As a father, make sure you track your child’s development and discuss any concerns you may have with their doctor.

Here is what you can expect at the four-year mark.

Remember, there are other developments and activities you can do with your child that are not mentioned here. This is a father-focused list and accounts for time spent and work and active involvement of the mother and other family members.

Developmental Milestones

  • Uses utensils like a fork, spoon and sometimes a table knife.
  • Can use toilet on their own.
  • Can stand on one foot, hop, skip, somersault.
  • Counts 10 or more things.
  • Speaks clearly and tells a simple story using full sentences.
  • Uses future tense.
  • Says name and address.
  • Is aware of gender.
  • Shows independence.
  • Sometimes cooperative and sometimes very demanding.
  • Wants to please friends and sometimes be like them.

How You Can Help with Development

  • Give your child the freedom to choose their own preferred activities with friends and let them work out problems on their own.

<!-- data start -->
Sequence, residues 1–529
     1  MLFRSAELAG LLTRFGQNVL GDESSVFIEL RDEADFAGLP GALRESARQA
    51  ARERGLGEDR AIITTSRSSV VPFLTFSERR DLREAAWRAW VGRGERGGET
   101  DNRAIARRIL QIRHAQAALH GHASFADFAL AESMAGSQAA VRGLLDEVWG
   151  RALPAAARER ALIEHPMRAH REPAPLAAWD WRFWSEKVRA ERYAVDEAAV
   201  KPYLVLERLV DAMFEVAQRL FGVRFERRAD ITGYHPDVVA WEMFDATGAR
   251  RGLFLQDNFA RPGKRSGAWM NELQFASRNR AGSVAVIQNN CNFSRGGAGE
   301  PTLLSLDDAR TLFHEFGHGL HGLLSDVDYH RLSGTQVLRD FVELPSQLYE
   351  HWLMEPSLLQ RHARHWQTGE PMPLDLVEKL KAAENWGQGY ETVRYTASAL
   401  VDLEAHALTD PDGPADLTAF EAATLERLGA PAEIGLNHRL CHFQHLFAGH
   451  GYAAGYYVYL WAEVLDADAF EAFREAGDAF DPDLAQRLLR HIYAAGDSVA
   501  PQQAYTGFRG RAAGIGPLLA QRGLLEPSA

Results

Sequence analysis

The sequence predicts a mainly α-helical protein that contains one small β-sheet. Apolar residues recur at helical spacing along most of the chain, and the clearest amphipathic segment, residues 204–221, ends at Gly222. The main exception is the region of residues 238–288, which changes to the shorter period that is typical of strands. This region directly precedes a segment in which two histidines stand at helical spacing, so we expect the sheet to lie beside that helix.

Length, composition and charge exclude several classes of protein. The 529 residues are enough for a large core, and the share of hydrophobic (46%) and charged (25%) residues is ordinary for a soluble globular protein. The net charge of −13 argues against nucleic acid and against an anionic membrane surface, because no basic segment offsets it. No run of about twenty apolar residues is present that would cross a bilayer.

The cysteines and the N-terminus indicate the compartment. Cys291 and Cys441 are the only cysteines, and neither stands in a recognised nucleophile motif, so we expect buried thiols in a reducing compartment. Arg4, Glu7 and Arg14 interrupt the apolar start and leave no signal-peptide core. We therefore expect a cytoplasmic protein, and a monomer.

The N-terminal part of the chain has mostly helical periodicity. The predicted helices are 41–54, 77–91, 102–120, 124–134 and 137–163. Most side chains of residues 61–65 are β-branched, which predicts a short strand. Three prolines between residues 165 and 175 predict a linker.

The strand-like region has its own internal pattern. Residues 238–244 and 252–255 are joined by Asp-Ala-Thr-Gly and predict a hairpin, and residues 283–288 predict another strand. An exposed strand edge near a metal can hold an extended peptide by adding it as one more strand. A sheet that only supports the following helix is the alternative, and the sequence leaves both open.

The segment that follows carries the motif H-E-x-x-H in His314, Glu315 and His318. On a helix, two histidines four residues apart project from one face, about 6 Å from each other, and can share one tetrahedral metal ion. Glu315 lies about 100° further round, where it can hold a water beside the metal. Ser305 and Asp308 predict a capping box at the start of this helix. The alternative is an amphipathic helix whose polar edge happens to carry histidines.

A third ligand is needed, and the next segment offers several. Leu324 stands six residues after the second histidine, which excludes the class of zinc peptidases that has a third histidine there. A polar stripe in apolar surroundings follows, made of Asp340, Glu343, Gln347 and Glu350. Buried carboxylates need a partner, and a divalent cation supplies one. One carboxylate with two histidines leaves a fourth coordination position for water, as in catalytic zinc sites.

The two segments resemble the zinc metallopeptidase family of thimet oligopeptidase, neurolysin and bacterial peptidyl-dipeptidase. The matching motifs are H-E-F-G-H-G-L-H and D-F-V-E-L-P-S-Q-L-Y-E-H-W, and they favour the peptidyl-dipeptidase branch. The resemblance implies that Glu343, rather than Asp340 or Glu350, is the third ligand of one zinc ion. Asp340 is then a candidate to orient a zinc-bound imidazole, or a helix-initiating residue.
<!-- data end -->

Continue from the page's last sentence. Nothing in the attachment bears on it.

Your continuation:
• Use praise to appreciate good behavior.
  • Talk to your child about safe and unsafe touch.
  • Read to your child and encourage them to read.
  • Spend quality time playing outdoors, teaching them new concepts, singing, listening to music and other activities that challenge them physically and mentally.

Developmental Concerns

  • Doesn’t show a wide range of emotions.
  • Shows extreme behavior.
  • Unusually withdrawn and not active.
  • Easily distracted. Can’t focus on an activity for longer than 5 minutes.
  • Doesn’t respond to people or responds only superficially.
  • Can’t tell what is real and what is make belief.
  • Doesn’t play a variety of games or activities.
  • Can’t say first or last name.
  • Doesn’t draw pictures.
  • Doesn’t talk about daily activities or experiences.
  • Doesn’t use plural or past tense properly.
  • Can’t wash or dry hands, brush teeth or get undressed without help.
  • Loses skills they once had.

Remember that all children are different and develop at varying paces. If you do notice any of the listed concerns, we recommend erring on the side of caution and talking to your child’s doctor.

This information has been curated from the American Academy of Pediatrics and the CDC. Always consult with a qualified medical professional or childcare expert when taking important decisions regarding your child and their health.

Impress your partner with key facts, take better co-parenting decisions and be 'in the know'. Visit our Partners & Parents resource center for more.

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